Sir Clive Woodward has backed England to do what he did in 2003 and win the Rugby World Cup.
The Red Rose face South Africa in Yokohama on Saturday with the hope of getting their hands on the Webb Ellis trophy for a second time.
And Woodward is tipping Eddie Jones’ men to triumph, but concedes they will have to nullify the threat of South African scrum-half Faf de Klerk if they are to do so.
“Sunday’s semi-final wasn’t the most spectacular of games but my message for England would be not to under-estimate this South African team,” Woodward wrote in his column for the Mail .
“They have some very high-quality players, areas of real strength and their entire squad will be lifted and energised by the prospect of a final.
“The Boks’ set-piece will be the strongest England will have faced at this World Cup, and off the back of that everything goes through Faf de Klerk at scrum-half, who is their conductor-in-chief.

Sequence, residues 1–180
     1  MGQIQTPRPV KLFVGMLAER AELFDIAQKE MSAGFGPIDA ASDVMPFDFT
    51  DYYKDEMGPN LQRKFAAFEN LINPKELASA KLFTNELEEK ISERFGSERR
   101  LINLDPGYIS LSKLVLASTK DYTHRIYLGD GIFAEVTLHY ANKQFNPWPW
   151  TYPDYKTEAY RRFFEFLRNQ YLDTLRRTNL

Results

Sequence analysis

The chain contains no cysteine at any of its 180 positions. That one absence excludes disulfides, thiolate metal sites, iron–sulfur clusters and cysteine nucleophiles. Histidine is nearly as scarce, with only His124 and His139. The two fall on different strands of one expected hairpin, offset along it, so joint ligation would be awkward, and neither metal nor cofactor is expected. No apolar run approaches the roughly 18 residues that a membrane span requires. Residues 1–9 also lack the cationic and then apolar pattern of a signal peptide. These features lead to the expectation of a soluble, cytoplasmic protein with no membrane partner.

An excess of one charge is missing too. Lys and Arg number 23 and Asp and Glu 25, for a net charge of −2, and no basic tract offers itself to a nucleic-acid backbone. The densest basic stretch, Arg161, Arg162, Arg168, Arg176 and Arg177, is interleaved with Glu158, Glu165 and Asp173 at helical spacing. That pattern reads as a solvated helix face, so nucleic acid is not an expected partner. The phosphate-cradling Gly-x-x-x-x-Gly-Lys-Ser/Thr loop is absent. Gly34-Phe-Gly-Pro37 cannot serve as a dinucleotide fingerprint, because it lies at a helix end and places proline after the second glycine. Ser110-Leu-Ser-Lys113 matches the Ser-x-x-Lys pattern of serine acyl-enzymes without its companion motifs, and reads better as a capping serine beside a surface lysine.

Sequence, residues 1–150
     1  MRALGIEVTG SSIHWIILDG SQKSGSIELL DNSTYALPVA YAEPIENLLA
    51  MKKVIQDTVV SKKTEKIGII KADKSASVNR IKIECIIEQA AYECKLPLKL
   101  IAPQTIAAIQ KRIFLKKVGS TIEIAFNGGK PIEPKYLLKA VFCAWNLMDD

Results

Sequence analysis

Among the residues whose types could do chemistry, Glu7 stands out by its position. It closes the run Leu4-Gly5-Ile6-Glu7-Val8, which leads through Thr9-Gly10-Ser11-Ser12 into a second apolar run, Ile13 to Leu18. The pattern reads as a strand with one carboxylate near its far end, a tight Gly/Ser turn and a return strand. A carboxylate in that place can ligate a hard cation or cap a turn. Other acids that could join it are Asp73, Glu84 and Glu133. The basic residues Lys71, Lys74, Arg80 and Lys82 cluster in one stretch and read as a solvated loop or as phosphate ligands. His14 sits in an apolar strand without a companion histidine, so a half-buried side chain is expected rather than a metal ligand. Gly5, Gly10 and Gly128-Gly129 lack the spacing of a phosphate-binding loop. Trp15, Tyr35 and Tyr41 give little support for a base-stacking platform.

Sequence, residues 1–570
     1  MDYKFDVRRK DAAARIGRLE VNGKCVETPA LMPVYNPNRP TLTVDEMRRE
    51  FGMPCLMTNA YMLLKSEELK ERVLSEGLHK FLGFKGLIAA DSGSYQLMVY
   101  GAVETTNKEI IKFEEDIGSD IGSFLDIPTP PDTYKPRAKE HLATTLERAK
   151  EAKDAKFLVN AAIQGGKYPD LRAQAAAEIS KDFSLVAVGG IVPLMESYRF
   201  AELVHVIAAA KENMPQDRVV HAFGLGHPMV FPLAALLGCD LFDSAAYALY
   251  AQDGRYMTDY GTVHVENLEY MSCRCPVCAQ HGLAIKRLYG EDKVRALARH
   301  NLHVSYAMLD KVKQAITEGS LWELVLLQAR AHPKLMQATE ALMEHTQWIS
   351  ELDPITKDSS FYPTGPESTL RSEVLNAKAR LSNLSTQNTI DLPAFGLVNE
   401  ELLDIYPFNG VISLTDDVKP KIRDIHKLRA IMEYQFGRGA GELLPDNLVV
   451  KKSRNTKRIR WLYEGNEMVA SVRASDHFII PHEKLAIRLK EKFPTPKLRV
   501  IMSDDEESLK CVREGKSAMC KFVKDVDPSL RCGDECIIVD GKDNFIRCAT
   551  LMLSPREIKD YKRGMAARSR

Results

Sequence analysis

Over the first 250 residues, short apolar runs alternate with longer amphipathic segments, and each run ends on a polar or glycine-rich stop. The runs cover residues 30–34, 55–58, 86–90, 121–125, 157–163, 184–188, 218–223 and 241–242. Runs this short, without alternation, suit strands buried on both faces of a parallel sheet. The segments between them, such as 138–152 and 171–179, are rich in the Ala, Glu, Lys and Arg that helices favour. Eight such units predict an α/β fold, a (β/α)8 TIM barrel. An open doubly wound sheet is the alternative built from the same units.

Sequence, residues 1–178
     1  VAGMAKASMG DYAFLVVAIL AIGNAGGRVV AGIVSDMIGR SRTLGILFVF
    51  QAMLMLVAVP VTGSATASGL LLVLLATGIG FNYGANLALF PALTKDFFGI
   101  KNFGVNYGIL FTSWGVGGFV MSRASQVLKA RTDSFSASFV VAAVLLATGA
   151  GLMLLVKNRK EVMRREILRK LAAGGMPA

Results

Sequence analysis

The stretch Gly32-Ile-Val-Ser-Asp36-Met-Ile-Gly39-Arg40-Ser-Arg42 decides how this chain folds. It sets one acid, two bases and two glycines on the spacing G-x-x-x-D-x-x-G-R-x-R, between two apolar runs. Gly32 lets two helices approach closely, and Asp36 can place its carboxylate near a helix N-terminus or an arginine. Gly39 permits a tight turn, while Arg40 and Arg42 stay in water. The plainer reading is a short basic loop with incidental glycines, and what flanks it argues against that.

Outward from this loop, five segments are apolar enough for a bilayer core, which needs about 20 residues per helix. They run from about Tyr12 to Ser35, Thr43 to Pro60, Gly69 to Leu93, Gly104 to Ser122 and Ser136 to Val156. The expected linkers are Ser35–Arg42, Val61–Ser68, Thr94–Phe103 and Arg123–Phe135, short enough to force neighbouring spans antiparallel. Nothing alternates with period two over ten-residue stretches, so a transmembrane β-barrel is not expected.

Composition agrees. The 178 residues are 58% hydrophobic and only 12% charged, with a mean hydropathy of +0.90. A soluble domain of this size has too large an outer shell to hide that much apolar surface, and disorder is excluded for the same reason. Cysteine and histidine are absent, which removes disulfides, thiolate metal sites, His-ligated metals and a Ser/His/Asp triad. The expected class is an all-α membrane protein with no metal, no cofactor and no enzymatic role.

“He likes the box kick — does he ever — but we have all seen him star for Sale and he has another dimension up his sleeve.
“Watching club colleague Tom Curry mark De Klerk will be fascinating and he will be very alert to his sniping breaks which he kept under wraps on Sunday.
“The Boks also have try-scoring potential out wide. Their back three have some gas and we wait to hear if there is any chance of key man Cheslin Kolbe returning form injury for the final.”
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Woodward also said England’s power may well prove to be the decisive factor in the final.
Woodward added: “But to my eyes their big weakness is a lack of creativity in midfield. Damian de Allende is a strong runner — he battered his way through impressively for his try — but England have already shown they can cut down strong runners all day long.
“England can absorb that approach easily and turn such players over at will.
“The other huge takeaway is that England are capable of playing at a pace and tempo that could completely take the final away from South Africa.
“If they can replicate the intensity and precision that they displayed against New Zealand then I am struggling to see how South Africa can match such an approach — it’s a million miles away from their natural game.
“I would emphasise again, though, that it will be a major challenge for Eddie Jones’ team to climb that Everest again just a week after the greatest ever England performance.”